Altavista used keywords and the assumption that websites would be honest, because, what motivation would they have to not be honest. There was no real monitization on the web, and websites with bad reputations, websites that included keywords that were bogus, would simply fall off the web due to free market forces.
However, about a year after Altavista was founded, 2o7 among other c tracking cookies began to monetize visits to web pages. Altavista, though a huge innovation over Yahoo, was still a simplistic model that really had no method to counteract the market forces that made keyword inflation profitable. Also, Altavista had no real way make money.
Google was a hybrid of Altavista and 2o7 and had several advantages. First, because it used links and not keywords, it could actually use free market forces to evaluate the quality of the page. The assumption was that if a page were linked by a lot of other sites, then the page was useful and it could be ranked based on content. The second was that unlike 2o7, google actually provided a service to end users, so end users were in effect compensated for allowing tracking cookies on their computer. I myself had my browser set to reject all tracking cookies except for Google as I needed those cookies for other services. Third, the Google algorithm was quite sophisticated, so could be tweaked as the pure link based ranking failed due to link farms and the like.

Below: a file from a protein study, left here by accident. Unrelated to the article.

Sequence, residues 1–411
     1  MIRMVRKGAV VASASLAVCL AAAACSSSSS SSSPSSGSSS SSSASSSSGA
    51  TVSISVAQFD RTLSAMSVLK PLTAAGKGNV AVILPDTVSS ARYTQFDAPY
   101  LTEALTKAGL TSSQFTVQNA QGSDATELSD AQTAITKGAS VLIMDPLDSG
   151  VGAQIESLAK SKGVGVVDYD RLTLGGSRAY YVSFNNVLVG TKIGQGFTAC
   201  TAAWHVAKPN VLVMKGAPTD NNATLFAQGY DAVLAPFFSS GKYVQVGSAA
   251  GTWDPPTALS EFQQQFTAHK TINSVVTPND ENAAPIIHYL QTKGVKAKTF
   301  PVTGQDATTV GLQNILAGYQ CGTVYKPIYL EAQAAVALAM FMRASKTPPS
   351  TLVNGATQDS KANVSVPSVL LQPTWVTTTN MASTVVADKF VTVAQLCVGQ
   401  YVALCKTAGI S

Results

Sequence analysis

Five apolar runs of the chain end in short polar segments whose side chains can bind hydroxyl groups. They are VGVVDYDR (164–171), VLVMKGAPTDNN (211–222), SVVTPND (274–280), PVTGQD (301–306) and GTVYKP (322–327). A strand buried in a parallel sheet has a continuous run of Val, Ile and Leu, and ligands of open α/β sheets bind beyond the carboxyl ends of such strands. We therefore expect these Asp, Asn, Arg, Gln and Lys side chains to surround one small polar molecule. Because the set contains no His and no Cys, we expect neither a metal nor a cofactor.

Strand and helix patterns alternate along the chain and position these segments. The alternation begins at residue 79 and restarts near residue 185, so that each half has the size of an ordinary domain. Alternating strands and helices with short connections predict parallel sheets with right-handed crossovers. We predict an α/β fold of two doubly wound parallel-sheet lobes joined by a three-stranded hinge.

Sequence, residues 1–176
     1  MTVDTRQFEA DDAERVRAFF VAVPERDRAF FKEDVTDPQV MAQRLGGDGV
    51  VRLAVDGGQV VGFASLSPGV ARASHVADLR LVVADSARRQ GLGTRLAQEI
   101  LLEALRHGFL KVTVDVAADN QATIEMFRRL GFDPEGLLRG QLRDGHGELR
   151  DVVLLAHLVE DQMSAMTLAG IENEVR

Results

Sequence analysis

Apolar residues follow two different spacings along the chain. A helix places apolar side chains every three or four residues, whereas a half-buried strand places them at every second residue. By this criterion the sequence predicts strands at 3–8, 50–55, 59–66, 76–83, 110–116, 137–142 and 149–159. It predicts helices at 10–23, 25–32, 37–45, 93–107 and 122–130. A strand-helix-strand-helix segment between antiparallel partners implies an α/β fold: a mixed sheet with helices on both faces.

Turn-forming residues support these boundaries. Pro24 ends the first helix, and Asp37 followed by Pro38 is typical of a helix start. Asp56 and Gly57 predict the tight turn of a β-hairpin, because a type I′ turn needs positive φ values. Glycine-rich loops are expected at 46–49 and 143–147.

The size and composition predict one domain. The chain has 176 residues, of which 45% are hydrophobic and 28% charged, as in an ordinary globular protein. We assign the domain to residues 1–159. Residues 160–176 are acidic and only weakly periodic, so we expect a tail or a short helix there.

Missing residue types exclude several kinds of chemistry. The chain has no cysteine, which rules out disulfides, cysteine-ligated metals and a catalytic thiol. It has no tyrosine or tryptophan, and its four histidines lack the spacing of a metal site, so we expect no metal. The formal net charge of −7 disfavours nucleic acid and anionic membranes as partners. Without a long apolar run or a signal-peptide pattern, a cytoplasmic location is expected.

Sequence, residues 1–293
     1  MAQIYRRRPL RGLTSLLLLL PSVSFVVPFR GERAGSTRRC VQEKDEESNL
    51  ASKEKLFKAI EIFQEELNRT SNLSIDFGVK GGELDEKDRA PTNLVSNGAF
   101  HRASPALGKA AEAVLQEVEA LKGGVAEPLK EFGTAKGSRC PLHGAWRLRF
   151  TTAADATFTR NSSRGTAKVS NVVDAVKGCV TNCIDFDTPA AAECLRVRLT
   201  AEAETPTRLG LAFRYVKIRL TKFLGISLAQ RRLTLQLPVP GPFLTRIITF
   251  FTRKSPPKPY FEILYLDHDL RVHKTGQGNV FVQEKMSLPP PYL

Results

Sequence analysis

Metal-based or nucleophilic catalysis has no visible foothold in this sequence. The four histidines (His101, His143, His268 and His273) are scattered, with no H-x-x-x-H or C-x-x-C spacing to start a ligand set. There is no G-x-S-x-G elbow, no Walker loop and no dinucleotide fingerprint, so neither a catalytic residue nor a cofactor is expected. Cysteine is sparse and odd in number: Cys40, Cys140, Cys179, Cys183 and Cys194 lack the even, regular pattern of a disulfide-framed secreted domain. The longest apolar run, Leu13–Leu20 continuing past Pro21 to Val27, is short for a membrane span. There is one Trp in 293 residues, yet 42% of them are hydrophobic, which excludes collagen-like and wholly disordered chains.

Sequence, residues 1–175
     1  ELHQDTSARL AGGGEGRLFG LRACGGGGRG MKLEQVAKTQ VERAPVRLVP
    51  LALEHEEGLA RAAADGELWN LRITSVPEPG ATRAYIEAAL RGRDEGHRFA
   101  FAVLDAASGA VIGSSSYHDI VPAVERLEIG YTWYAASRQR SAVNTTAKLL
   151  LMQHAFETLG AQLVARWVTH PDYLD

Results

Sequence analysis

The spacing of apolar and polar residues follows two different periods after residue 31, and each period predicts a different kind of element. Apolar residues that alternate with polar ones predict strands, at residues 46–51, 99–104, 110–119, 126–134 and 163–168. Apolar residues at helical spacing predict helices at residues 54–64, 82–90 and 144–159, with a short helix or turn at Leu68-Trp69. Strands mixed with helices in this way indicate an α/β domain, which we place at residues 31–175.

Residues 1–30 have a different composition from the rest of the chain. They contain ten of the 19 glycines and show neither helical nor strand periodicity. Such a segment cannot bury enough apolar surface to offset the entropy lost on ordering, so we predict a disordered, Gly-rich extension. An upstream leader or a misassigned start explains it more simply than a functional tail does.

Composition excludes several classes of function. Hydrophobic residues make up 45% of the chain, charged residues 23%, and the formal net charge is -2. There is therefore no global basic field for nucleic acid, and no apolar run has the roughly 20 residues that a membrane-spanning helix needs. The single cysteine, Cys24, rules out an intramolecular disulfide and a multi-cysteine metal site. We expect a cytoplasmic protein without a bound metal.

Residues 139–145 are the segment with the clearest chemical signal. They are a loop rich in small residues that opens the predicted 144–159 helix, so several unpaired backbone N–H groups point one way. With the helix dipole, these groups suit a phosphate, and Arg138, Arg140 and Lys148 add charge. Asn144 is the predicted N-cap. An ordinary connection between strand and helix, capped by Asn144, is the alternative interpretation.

Now, honestly, in many cases the search results returned by google are no better than the search results returned by altavista at the turn of the century. What saves google is that it has funds and motivation to improve the results as the SEO people attempt to manipulate the rankings. I think google is looking at the secondary and tertiary levels of the links to determine ranking, which is helping a lot. Ultimately there is going to have to be some serious math done and graph theory developed to get the ranking back to the quality that allowed Google to pummel everyone else.